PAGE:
# Lines in Motion Lesson 4.3.

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Lines in Motion Lesson 4.3

Earlier you worked with two forms of linear equations:
Intercept form: y =a+bx Point-slope form: y=y1+b(x-x1) In this lesson you will see how these forms are related to each other graphically. With the exception of vertical lines, lines are graphs of functions. That means you could write the forms above as f(x)=a+bx and f(x)=y1+b(x-x1) . The investigation will help you see the effect that moving the graph of a line has on its equation. Moving a graph horizontally or vertically is called a translation. The discoveries you make about translations of lines will also apply to the graphs of other functions.

Movin’ Around In this investigation you will explore what happens to the equation of a linear function when you translate the graph of the line. You’ll then use your discoveries to interpret data. Graph the lines in each step on the same set of axes and look for patterns. On graph paper, graph the line y=2x and then draw a line parallel to it, but 3 units higher. What is the equation of this new line? If f (x)=2x, what is the equation of the new line in terms of f (x)?

Movin’ Around Draw a line parallel to the line y=2x, but shifted down 4 units. What is the equation of this line? If f(x)=2x, what is the equation of the new line in terms of f (x)?

Movin’ Around Mark the point where the line y=2x passes through the origin. Plot a point right 3 units from the origin. Draw a line parallel to the original line through this point. Use the point to write an equation in point-slope form for the new line. Then write an equation for the line in terms of f (x).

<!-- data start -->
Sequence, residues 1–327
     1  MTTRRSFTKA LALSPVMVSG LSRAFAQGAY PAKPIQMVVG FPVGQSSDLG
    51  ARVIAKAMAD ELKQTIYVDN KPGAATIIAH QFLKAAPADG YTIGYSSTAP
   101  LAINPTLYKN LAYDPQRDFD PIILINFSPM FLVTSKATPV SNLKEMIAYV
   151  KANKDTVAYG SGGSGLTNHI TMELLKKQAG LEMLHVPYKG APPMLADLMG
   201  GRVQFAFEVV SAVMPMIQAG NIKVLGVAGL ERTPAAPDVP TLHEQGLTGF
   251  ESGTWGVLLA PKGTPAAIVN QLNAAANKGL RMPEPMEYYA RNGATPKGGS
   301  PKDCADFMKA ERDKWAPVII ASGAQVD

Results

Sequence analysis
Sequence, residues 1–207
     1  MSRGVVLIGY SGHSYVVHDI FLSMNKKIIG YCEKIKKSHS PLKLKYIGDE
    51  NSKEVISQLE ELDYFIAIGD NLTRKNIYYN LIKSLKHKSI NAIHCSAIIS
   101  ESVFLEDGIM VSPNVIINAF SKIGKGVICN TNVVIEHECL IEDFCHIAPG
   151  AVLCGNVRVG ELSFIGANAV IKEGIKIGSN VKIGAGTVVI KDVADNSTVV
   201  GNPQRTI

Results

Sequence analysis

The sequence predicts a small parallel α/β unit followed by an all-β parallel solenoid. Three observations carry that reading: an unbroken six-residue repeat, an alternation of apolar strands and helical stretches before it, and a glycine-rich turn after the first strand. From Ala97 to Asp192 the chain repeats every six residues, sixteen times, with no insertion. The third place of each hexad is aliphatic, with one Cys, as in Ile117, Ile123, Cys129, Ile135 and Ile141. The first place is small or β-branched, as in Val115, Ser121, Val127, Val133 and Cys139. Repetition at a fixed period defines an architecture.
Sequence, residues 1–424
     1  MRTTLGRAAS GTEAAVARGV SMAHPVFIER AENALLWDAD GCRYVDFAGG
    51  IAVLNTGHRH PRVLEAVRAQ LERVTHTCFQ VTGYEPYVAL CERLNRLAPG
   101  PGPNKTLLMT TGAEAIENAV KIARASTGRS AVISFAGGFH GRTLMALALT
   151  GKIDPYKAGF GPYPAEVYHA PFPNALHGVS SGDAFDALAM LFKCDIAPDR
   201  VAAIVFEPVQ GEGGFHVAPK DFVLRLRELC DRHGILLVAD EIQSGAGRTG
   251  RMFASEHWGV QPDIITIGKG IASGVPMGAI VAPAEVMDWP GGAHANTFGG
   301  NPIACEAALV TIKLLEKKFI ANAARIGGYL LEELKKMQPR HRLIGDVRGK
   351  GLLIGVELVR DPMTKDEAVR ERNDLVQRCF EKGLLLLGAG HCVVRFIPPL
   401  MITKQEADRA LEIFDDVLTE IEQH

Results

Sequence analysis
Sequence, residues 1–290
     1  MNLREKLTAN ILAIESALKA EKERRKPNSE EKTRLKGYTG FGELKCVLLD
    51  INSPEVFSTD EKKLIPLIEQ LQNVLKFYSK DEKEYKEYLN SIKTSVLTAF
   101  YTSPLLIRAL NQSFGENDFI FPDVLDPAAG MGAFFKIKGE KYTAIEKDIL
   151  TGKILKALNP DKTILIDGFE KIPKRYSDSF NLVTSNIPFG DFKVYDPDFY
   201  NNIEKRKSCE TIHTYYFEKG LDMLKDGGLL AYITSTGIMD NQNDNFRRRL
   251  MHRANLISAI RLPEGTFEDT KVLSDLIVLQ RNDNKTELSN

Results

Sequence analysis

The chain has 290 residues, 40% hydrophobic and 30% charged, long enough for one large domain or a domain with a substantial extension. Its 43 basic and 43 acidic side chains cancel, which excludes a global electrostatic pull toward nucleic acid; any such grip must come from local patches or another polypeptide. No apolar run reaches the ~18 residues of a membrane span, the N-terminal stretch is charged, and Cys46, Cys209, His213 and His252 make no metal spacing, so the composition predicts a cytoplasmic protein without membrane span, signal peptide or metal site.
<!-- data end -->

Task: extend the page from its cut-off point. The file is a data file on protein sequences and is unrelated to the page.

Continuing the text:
Plot a point left 1 unit and up 2 units from the origin
Plot a point left 1 unit and up 2 units from the origin. Draw a line parallel to the original line through this point and use the point to write an equation in point-slope form for the new line. Then write an equation for the line in terms of f(x).

If you move every point on the function y=f(x) to a new point up k units and right h units, to create a new function g(x), what is the equation of this translated function? f(x) (h,k) g(x)=f(x-h)+k

Movin’ Around In this investigation you will explore what happens to the equation of a linear function when you translate the graph of the line. You’ll then use your discoveries to interpret data. Graph the lines in each step on the same set of axes and look for patterns. On graph paper, graph the line y=2x and then draw a line parallel to it, but 3 units higher. What is the equation of this new line? If f (x)=2x, what is the equation of the new line in terms of f (x)?

Alternative Moving Along
Set up a course as illustrated in the figure below. Position A, B, and the start should be labeled with the correct distances between the three locations. Set up a walker who will walk at a rate of ½ meter per second.

Two students will walk a similar path
Two students will walk a similar path. Another student will call out the seconds starting at zero seconds. At each second interval, stop and record the time and position of the student. At 0 seconds the student begins to walk at the rate of ½ meter per second toward point A. Record the time and distance of the student from position A for the first 5 seconds. At time 5 seconds, the student will momentarily stop and then begin walking backwards at the same rate. For time seconds, record the time and distance the student is from both point A. For the second path, have a second student again walk at ½ meter per second, but begin at time 0 seconds where the first student was at time 2 seconds on the first walk. Record the time and how far the this student is from position B. For the first three seconds the student should walk forward for and then momentarily stop and then begin walking backwards at the same rate. For the next 7 seconds record the time and position the student is from position B.